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MAX6369 Datasheet(PDF) 8 Page - Maxim Integrated Products
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MAX6369 Datasheet(HTML) 8 Page - Maxim Integrated Products
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Pin-Selectable Watchdog Timers
Selecting 011 (SET2 = 0, SET1 = 1, SET0 = 1) disables
the watchdog timer function on all devices in the family.
Operation can be reenabled without powering down by
changing the set inputs to the new desired setting. The
device assumes the new selected timing characteris-
tics and enter the startup phase after the 300µs setup
time elapses (Figure 3). WDO is high when the watch-
dog timer is disabled.
The MAX6373/MAX6374 offer a first-edge feature. In
first-edge mode (settings 101 or 110, Table 1), the
internal timer does not control the startup delay period.
Instead, startup terminates when WDI sees a transition.
If changing to first-edge mode while the device is oper-
ating, disable mode must be entered first. It is then safe
to select first-edge mode. Entering disable mode first
ensures the output is unasserted when selecting first-
edge mode and removes the danger of WDI being
The MAX6369/MAX6371/MAX6373 have an active-low,
open-drain output that provides a watchdog output
pulse of 100ms. This output structure sinks current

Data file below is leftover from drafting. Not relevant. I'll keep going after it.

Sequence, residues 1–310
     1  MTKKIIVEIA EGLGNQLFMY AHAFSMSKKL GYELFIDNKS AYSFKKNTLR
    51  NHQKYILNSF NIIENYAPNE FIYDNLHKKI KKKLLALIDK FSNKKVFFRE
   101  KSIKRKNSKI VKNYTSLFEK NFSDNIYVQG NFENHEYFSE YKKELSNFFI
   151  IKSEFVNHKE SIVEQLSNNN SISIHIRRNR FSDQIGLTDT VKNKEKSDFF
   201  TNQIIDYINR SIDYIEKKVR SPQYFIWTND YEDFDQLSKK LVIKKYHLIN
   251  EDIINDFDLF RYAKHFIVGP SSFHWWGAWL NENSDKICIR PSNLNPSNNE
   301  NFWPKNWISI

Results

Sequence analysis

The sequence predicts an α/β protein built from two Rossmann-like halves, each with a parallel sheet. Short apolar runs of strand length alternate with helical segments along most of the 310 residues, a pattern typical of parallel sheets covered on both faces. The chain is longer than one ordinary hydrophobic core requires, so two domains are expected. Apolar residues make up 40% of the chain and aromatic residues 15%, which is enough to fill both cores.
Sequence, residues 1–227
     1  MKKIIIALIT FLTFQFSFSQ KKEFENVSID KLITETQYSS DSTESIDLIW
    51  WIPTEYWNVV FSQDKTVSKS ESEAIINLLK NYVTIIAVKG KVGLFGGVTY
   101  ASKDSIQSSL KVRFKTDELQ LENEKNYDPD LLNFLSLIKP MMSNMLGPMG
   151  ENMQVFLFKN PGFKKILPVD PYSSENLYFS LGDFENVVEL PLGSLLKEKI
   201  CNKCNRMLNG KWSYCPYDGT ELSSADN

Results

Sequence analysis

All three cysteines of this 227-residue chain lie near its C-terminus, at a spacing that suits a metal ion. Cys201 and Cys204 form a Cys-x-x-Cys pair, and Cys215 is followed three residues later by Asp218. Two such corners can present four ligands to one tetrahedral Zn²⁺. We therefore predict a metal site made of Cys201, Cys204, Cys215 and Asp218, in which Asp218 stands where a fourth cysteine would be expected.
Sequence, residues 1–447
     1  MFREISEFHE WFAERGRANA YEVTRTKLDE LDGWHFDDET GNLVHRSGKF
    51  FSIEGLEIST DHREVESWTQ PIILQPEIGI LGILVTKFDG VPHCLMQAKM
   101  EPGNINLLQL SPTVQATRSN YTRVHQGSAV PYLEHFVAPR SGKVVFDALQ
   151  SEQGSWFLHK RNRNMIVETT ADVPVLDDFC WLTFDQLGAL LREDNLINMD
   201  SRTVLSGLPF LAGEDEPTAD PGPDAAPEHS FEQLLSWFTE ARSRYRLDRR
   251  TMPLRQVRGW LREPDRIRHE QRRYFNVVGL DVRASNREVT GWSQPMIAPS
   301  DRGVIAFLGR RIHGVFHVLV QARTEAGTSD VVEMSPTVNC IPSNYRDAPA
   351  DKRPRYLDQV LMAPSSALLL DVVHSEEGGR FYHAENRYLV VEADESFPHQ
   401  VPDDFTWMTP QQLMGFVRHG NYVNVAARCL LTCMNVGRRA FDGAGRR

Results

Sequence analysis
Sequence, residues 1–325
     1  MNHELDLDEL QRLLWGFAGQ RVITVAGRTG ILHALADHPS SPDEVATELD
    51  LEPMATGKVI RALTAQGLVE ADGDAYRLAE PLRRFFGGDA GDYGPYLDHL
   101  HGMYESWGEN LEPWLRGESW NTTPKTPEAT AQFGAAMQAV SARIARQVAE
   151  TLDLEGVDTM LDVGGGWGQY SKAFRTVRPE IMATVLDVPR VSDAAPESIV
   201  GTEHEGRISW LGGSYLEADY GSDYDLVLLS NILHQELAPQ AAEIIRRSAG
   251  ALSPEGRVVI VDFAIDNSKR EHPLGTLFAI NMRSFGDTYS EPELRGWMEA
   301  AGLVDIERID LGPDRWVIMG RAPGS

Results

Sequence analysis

when WDO is asserted. Connect a pullup resistor from
WDO to any supply voltage up to +5.5V.
Select a resistor value large enough to register a logic
Electrical Characteristics), and small enough
to register a logic high while supplying all input current
and leakage paths connected to the WDO line. A 10kΩ
pullup is sufficient in most applications. The MAX6370/
MAX6372/MAX6374 have push-pull outputs that pro-
vide an active-low watchdog output pulse of 1ms.
When WDO deasserts, timing begins again at the
beginning of the watchdog timeout period (Figure 2).
Usage in Noisy Environments
If using the watchdog timer in an electrically noisy envi-
ronment, a bypass capacitor of 0.1µF should be con-
nected between V
and GND as close to the device
as possible, and no further away than 0.2 inches.
To help the watchdog timer monitor software execution
more closely, set and reset the watchdog input at differ-
ent points in the program, rather than pulsing the watch-
dog input high-low-high or low-high-low. This technique
avoids a stuck loop, in which the watchdog timer would
continue to be reset inside the loop, keeping the watch-
dog from timing out. Figure 4 shows an example of a
flow diagram where the I/O driving the watchdog input is
set high at the beginning of the program, set low at the
end of every subroutine or loop, then set high again
when the program returns to the beginning. If the pro-
gram should hang in any subroutine, the problem would
be quickly corrected, since the I/O is continually set low
and the watchdog timer is allowed to time out, causing
WDO to pulse.
SET WDI LOW
INFINITE LOOP PATH
Figure 4. Watchdog Flow Diagram
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